This medium-gold colored champagne is spectacular, elegant and sleek yet rich and impressively substantial in weight and tone. The bouquet offers baked apple, roasted lemon and lime peel with notes of fresh biscuits and bread. It feels wonderful, suave, supple, resonant and lively with crisp acid; intense and concentrated citrus flavors and dried spice, like cloves and cinnamon toast, are subdued in the face of a monumental tide of limestone and chalk for a finish that’s dry, austere and scintillating. Wonderful stuff. I have seen prices as low as the mid $50s but about $70 is more realistic.

This is a “Champagnes et Villages” selection by Becky Wasserman and The Miller Portfolio, for USA Wine Imports, New York.

A restful day, yet festive in its own right. For 20 years or so, I have prepared on this day, in keeping with Southern tradition, a pot of blackeyed peas with hog jowl and turnip greens. I used to serve this to a large New Year’s Day party but curtailed that strenuous activity a few years ago. Wanting to do something different this year, I made blackeyed pea masala, with plenty of ginger, jalapeno, tumeric and cumin BUT with the hog jowl and greens. It’s pretty tasty, but of course no longer vegetarian.

Though its name looks a bit like a punch-line from an old joke — “Not tonight, honey, I have a migraine” — there’s nothing jokey about the non-vintage A. Margaine Premier Cru Brut. From a small house that makes only about 5,000 cases annually, this mildly kam1lab_hi.jpg flushed gold, bloomingly effervescent blend of 90 percent chardonnay and 10 percent pinot noir — it’s almost a blanc de blancs — offers a wonderful bouquet of focaccia, almond skin and apple skin, roasted lemon with a hint of grapefruit and heaps of limestone. Weight and substance are amazing, yet like all great wines, this displays that heartening paradox of tissues of delicacies — in this case lace-like, glacial acid and skeins of smoky citrus — wrapped in density that’s almost viscous. At the same time, the champagne is so dry, so elegant that it feels as if you’re drinking liquid limestone. Whoa! Absolutely an Excellent rating here. Prices, again, vary widely but settle in mainly at between $42 and $50.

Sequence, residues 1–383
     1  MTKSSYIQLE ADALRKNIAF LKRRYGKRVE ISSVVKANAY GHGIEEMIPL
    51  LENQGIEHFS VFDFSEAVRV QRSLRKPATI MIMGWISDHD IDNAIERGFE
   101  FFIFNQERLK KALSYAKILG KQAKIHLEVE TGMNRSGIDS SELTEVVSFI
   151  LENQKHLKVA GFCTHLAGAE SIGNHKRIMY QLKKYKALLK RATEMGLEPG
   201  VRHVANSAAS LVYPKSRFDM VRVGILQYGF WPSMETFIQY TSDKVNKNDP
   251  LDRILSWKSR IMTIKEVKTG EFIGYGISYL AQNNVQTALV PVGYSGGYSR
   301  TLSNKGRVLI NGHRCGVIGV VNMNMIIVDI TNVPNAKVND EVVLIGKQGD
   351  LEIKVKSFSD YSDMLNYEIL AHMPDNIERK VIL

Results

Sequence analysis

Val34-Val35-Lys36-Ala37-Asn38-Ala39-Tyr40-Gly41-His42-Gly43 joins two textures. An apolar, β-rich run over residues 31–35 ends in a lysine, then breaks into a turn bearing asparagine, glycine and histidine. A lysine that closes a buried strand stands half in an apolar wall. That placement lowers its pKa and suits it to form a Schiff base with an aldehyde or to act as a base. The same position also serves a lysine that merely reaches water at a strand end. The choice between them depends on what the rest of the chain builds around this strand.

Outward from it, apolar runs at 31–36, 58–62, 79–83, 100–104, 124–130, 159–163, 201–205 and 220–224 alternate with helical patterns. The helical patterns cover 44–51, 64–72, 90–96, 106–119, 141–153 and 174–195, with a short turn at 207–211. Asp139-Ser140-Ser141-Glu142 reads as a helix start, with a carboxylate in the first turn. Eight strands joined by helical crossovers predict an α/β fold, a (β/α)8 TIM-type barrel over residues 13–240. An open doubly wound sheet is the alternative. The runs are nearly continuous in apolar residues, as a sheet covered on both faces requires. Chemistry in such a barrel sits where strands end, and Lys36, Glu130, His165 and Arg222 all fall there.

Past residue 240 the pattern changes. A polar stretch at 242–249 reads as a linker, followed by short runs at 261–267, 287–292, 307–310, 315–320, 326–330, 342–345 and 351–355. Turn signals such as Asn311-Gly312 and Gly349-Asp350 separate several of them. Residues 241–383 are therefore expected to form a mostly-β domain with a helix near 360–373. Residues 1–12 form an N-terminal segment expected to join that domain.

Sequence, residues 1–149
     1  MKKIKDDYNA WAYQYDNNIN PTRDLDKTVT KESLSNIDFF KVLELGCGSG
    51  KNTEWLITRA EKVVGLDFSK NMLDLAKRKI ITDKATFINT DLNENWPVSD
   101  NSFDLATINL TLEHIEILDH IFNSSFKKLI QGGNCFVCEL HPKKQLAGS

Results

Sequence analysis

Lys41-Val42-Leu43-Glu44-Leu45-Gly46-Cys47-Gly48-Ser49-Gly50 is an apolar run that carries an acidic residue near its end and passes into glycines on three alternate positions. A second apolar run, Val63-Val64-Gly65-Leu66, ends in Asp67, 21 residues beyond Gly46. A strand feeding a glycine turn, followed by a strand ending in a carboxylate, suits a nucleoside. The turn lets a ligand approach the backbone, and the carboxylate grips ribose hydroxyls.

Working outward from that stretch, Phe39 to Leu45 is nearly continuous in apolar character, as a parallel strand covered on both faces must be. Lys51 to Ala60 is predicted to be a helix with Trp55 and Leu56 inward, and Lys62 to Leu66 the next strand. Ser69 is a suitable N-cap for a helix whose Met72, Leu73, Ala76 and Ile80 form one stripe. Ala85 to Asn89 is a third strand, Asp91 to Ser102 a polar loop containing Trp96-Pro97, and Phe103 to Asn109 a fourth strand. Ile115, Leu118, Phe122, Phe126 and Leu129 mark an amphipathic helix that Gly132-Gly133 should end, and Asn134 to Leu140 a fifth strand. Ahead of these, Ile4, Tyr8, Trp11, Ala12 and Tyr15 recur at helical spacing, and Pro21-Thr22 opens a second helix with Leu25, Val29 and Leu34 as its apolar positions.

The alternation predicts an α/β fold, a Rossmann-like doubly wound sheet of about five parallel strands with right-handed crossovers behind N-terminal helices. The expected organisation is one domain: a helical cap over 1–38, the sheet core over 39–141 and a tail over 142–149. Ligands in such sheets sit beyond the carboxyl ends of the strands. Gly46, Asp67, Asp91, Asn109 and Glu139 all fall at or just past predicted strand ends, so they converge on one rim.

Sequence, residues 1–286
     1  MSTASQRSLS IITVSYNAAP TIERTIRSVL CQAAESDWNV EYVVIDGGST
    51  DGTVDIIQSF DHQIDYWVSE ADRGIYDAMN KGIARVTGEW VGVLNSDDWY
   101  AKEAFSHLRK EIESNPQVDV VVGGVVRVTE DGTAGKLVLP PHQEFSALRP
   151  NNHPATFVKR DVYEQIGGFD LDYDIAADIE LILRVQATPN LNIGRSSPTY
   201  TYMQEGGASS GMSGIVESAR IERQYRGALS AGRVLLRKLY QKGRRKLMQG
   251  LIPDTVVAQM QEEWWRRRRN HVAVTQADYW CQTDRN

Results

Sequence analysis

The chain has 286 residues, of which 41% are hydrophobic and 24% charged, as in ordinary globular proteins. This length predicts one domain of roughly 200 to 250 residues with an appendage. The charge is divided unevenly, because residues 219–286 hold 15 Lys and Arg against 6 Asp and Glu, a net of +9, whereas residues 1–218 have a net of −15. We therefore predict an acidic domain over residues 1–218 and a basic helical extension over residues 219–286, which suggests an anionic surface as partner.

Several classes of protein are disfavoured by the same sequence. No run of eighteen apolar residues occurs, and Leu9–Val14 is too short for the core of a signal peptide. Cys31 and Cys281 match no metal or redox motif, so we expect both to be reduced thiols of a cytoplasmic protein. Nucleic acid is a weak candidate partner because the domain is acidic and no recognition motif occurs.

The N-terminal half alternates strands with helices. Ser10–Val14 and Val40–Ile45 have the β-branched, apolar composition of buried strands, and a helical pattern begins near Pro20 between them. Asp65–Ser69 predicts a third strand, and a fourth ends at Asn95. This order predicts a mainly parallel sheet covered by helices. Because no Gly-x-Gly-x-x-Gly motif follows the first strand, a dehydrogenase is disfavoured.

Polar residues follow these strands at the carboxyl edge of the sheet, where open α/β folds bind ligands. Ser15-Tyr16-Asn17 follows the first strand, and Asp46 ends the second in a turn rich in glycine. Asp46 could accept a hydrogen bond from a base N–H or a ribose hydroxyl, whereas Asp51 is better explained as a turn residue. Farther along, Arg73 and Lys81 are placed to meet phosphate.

What merits the “Premier Cru” designation on this champagne is the fact that the grapes derive from some of the 38 officially named Premier Cru communes in the Champagne region. There are only 17 “Grand Cru” communes, so a product named “Grand Cru” is rare indeed. There are 301 “cru” communes in the region. Perhaps someday a reorganization of the system will award these designations to separate vineyards rather than entire villages, but such a move would require a monumental overhaul at every physical, psychological and marketing level. Don’t hold your breath.

The A. Magraine Premier Cru Brut is a Terry Theise Estate Selection imported by Michael Skurnick Wines, Syosset, N.Y.